Chan’s comments came a day after Li Dachuan, a senior mainland official involved in a joint taskforce with Hong Kong authorities, described a lockdown as “the most ideal and best approach to achieve the best effect of universal tests”.
Bodies In Hospital
The revelation adds fresh uncertainty and anxiety for residents and businesses in a city gripped by the kind of chaos that was more familiar at the start of the pandemic.
Hong Kong has now recorded 193,000 cases and 636 deaths in the current wave since December 31.
That compares to just 12,000 infections and 205 deaths for the whole of the rest of the pandemic. Hospitals have been stretched to breaking point for weeks and on Sunday officials revealed bodies are piling up at hospitals because mortuaries are full.
“At this moment, we face a problem of transportation of dead bodies from hospital to public mortuary,” Hospital Authority chief manager Lau Ka-hin told reporters. “That’s why there are some bodies who were initially planned to be transported to public mortuary, but stayed in hospital.”
High Mortality Rate
Hong Kong’s seven-day average death rate is currently running at around eight per one million people.
That compares with five per million for the United States, 1.80 for Britain and 1.36 for Singapore which, like Hong Kong, initially opted for zero-Covid but shifted more recently to a mitigation strategy and reopening to the wider world. Officials have revealed that 91 percent of those who have died in the current wave were not fully vaccinated.
The vast majority of the dead — 92 percent — are people aged 60 or above with the median age 84 years old as the virus rips through care homes in the densely populated city.
Despite ample supplies Hong Kong had a dismal vaccination rate among over-70s before Omicron struck.
China is now increasingly calling the shots on Hong Kong’s response with the joint taskforce operating out of the neighbouring city of Shenzhen.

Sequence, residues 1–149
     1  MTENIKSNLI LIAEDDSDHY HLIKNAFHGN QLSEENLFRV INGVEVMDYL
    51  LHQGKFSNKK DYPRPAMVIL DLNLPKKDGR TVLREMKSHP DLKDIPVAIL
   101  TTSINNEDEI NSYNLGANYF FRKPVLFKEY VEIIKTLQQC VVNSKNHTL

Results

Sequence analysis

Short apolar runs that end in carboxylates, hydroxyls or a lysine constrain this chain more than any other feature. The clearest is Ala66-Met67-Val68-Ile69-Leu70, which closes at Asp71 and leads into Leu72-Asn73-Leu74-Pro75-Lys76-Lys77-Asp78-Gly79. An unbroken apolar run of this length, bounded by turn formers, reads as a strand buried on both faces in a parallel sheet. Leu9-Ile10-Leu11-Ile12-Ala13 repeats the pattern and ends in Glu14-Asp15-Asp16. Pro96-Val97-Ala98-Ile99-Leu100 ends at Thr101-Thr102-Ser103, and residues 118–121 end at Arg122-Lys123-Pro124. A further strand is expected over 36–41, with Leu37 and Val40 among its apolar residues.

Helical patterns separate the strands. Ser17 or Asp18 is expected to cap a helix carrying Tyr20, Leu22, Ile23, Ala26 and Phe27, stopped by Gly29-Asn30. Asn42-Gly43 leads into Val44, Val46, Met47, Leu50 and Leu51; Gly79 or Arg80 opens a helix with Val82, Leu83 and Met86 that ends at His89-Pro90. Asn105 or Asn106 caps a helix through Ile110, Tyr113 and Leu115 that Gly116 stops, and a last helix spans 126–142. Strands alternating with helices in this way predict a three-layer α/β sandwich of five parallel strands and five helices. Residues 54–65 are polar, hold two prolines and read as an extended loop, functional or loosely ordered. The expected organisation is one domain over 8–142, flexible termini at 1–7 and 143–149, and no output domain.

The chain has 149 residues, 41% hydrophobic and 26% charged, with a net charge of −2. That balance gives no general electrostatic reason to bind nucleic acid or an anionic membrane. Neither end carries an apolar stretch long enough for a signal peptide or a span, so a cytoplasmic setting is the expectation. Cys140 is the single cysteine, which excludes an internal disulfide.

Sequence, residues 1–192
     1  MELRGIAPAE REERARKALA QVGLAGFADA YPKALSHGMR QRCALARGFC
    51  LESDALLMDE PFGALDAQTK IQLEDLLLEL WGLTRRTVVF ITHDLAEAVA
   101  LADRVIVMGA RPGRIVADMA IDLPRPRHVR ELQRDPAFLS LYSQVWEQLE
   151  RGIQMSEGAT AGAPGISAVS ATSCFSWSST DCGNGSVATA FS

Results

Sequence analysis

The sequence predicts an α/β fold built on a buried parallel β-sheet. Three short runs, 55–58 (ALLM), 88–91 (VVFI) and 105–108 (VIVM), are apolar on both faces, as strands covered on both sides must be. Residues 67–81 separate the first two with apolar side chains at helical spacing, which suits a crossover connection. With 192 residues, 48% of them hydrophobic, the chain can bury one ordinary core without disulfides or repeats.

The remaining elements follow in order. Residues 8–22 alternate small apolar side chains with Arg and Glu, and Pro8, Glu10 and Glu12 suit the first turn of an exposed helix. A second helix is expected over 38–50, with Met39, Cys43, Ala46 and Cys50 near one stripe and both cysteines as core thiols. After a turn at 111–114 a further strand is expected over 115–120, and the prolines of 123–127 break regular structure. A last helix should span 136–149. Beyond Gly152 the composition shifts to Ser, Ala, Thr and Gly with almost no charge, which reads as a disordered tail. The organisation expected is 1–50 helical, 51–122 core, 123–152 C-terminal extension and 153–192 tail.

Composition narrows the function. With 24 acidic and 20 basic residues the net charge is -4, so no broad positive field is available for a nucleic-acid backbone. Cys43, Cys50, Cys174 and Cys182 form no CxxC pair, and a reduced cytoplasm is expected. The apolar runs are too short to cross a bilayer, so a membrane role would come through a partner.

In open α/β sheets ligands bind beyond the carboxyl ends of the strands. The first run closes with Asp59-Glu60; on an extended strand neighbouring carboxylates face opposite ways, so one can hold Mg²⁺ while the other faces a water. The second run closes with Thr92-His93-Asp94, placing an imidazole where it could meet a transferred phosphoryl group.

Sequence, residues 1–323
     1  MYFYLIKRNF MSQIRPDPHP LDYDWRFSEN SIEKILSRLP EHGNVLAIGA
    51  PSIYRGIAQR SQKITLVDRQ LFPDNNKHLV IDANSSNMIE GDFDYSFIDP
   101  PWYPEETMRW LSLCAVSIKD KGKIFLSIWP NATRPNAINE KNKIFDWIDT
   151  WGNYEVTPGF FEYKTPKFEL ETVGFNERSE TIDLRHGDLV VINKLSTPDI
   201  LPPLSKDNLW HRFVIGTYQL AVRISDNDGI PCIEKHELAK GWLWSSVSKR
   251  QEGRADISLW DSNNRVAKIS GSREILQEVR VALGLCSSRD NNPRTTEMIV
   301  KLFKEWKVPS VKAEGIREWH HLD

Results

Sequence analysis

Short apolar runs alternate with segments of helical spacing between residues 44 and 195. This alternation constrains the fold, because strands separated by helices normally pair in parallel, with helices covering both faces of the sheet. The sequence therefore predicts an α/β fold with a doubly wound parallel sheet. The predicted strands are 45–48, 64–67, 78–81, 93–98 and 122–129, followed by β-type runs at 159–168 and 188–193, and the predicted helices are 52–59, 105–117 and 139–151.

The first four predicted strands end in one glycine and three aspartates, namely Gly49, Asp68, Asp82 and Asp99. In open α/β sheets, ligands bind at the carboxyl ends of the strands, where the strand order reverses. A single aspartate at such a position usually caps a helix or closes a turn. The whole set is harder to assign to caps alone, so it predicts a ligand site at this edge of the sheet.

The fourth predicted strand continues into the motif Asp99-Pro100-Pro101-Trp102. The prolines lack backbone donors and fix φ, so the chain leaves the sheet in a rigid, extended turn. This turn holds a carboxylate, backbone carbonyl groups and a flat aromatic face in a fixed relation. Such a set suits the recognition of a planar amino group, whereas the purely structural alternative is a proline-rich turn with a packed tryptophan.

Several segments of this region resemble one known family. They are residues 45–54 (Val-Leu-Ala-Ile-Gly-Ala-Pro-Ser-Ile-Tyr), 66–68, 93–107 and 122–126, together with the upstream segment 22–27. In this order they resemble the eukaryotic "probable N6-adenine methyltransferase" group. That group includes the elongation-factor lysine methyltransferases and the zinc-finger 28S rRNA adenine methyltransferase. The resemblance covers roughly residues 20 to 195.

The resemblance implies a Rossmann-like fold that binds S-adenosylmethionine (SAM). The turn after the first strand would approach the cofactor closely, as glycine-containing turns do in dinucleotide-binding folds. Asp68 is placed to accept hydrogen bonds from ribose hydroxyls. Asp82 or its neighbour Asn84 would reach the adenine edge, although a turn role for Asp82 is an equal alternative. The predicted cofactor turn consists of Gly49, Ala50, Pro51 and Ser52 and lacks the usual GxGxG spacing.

Mainland crews are working on constructing a series of temporary hospitals and isolation wards for the infected, although the current caseload far outstrips supply.
Among those advising the government is Liang Wannian, a senior mainland official that the South China Morning Post reported was arriving in Hong Kong on Monday.
Liang was a key architect of the successful two-month long lockdown in Wuhan where the coronavirus first emerged, a strategy China has continued to deploy in other cities as soon as cases are detected.
Wuhan’s official toll was 53,000 cases and it took two months to suppress with a full lockdown.
Hong Kong has recorded that many cases in just two days and is also battling a much more infectious variant.
Construction crews from mainland China were helping Hong Kong build two temporary isolation facilities to house thousands of coronavirus patients on Sunday as a senior official declared the city “in full combat mode”.
The crowded Chinese financial hub is in the throes of its worst-ever coronavirus outbreak, registering thousands of confirmed cases a day as hospitals reach breaking point.
A strict zero-Covid policy like China uses kept infections at bay for two years but left the city cut off internationally.
And when the highly transmissible Omicron variant broke through, authorities were caught flat-footed with a dangerously under-vaccinated elderly population and few plans in place to deal with a mass outbreak.
Late Saturday city leader Carrie Lam announced that China State Construction International Holdings, the largest state-owned constructor in Hong Kong, would start work on two temporary isolation facilities to provide 9,500 extra beds.